Curating A Village: Creating a Supportive Environment to Thrive in Academia
The Need to Curate a Village
As a black student in higher education and as someone who has consistently attended predominately white institutions, it was imperative for me to build a community of folks around me during my doctorate. My previous programs did not satisfy my need for mentors who provided consistent and substantial advice, support, and opportunities. After I swiftly changed my dissertation topic the beginning of my third year, I realized that I needed to supplement what my new committee could offer to achieve my academic and professional goals.
Finding My Way to the Folks in My Village
Initially, I contacted researchers whose work I enjoyed reading and following (i.e., researchers who had dozens of entries in my Mendeley library). I sent random emails to researchers and asked questions or asked for a time to schedule a meeting. When attending or presenting at national conferences, I searched for researchers whose work I admired, attended their sessions and approached them afterwards. During phone or Skype calls, I used my list of questions to learn about their work, get ideas about parts of my dissertation, hear their thoughts about where the field was headed, and ask what else I should be reading (especially literature and studies on intersectionality and black women). I ended each call asking if I could follow-up with future questions and was often informed of or introduced to other researchers I should contact. The researchers I spoke to were quick to respond, generous with their time, and so encouraging to a newbie like me. However, few were black women scholars.
Where are the Black Women?
Attending conferences significantly helped me find cohorts of black women scholars who were often singletons (or in few numbers) at their home institutions and offices. Together, we thrived, and these events allowed me to listen to and learn from other black women. Also, getting together with other black women scholars encouraged and revived me—feelings that I did not often experience during my daily grind through my program, despite being in a collaborative and supportive environment.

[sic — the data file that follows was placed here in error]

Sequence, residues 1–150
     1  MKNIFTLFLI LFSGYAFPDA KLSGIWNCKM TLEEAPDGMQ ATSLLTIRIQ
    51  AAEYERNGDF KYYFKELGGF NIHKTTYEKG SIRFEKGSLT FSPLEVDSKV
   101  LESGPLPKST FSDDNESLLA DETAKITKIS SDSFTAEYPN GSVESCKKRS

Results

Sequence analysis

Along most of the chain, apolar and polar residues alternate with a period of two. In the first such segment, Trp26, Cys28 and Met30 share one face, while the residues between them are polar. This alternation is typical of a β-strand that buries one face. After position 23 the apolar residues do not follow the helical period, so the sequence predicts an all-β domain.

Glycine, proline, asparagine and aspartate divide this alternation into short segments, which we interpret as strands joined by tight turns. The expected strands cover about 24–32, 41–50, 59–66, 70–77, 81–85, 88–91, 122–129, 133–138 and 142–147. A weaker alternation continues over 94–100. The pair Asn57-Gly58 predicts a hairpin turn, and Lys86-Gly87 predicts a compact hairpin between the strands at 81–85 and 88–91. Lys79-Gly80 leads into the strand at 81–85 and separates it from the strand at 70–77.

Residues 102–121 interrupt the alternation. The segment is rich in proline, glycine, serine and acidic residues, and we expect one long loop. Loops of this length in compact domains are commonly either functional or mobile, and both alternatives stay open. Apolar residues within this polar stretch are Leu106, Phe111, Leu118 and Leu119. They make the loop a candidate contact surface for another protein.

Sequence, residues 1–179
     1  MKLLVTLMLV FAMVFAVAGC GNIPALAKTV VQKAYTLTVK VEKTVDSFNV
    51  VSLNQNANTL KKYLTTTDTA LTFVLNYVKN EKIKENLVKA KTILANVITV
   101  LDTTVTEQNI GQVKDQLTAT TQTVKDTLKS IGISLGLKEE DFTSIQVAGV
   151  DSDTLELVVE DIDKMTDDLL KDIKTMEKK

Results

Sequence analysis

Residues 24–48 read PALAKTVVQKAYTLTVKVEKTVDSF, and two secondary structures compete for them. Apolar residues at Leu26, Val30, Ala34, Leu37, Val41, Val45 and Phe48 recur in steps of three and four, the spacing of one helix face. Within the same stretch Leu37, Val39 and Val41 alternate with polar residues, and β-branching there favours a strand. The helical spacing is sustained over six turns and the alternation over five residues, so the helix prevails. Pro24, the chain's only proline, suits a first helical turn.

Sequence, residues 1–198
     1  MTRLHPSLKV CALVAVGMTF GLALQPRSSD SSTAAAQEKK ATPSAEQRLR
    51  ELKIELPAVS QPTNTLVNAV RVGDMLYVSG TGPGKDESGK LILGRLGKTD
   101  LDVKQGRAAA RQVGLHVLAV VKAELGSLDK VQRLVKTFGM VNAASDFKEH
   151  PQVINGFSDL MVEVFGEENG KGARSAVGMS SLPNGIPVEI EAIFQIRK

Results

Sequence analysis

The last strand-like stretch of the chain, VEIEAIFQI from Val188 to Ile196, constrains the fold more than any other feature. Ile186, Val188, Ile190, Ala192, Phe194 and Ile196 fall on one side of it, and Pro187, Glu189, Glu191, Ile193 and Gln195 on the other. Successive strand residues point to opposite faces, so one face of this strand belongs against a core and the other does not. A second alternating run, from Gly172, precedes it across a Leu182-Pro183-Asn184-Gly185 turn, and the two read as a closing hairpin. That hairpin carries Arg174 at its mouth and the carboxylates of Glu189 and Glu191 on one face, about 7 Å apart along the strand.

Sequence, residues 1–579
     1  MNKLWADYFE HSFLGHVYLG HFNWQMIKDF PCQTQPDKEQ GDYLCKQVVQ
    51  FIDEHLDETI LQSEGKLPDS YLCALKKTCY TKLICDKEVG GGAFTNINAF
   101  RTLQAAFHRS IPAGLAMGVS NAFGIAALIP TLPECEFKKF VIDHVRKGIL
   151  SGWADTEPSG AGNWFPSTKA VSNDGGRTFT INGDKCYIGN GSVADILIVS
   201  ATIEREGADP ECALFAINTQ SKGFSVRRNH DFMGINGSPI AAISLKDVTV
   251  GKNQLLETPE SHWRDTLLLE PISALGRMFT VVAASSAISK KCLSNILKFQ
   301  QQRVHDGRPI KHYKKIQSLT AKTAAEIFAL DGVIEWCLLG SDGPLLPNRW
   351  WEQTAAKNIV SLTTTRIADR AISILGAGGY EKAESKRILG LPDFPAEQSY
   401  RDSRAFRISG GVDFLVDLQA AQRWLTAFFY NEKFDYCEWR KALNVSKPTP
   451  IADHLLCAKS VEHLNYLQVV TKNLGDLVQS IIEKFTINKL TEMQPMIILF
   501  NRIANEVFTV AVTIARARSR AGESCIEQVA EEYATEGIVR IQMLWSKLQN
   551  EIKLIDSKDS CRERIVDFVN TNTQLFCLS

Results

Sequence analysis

Curating My Village
My curation process is ongoing and does not exclusively include black women (allies are welcome!), but I do advance membership to those who support, listen to and seek to understand black women. Currently, I am fostering more relationships with other students or recent graduates who serve as peer mentors. As I finish the last year of my doctorate, I am even more interested in finding as many black women (and women of color) scholars, advocates, and community members to join my village. I believe these connections will help me transition to the next phase in my journey. I am not scared to ask for what I need from my village as I am constantly making myself available to help those around me and behind me.
Three Key Things I Learned about Curating a Village:
1. Just how much representation matters. I believe it important to center black women in my research and I decided that I needed to see more work with and about black women as well as see black PhDs moving in different professional spaces. Sometimes you just want to know that someone around you “gets it” and for them to tell you that you’re NOT crazy.
2. It really is all about who you know. The network of mentors and colleagues I curated will become my network of peers upon graduation. It is important to begin building those relationships now as they will serve you throughout your career. Remember, you will not be a student forever.
3. Your “village” ain’t for everybody. The beauty of curating your own village is that YOU get to decide who to include. Many decisions during the doctoral process are out of your control, but for your village, you choose. Don’t include people you don’t vibe with and be strategic about the types of people you include. Do you need a mentor? Going out buddy? Writing partner? Professional development guru? Cheerleader? You get to decide, and the best kinds of villages are ones in which interests and benefits are mutual.
Make sense? Have suggestions or ideas for others looking to create a supportive environment? Sound off in the comments or on twitter to let us know what you think. Looking for more? Read previous posts by other contributors on The Power of Your Network and Being Black at a PWI!
Rachel G. Logan, she, her, hers
Institution: University of South Florida
Contact Email: firstname.lastname@example.org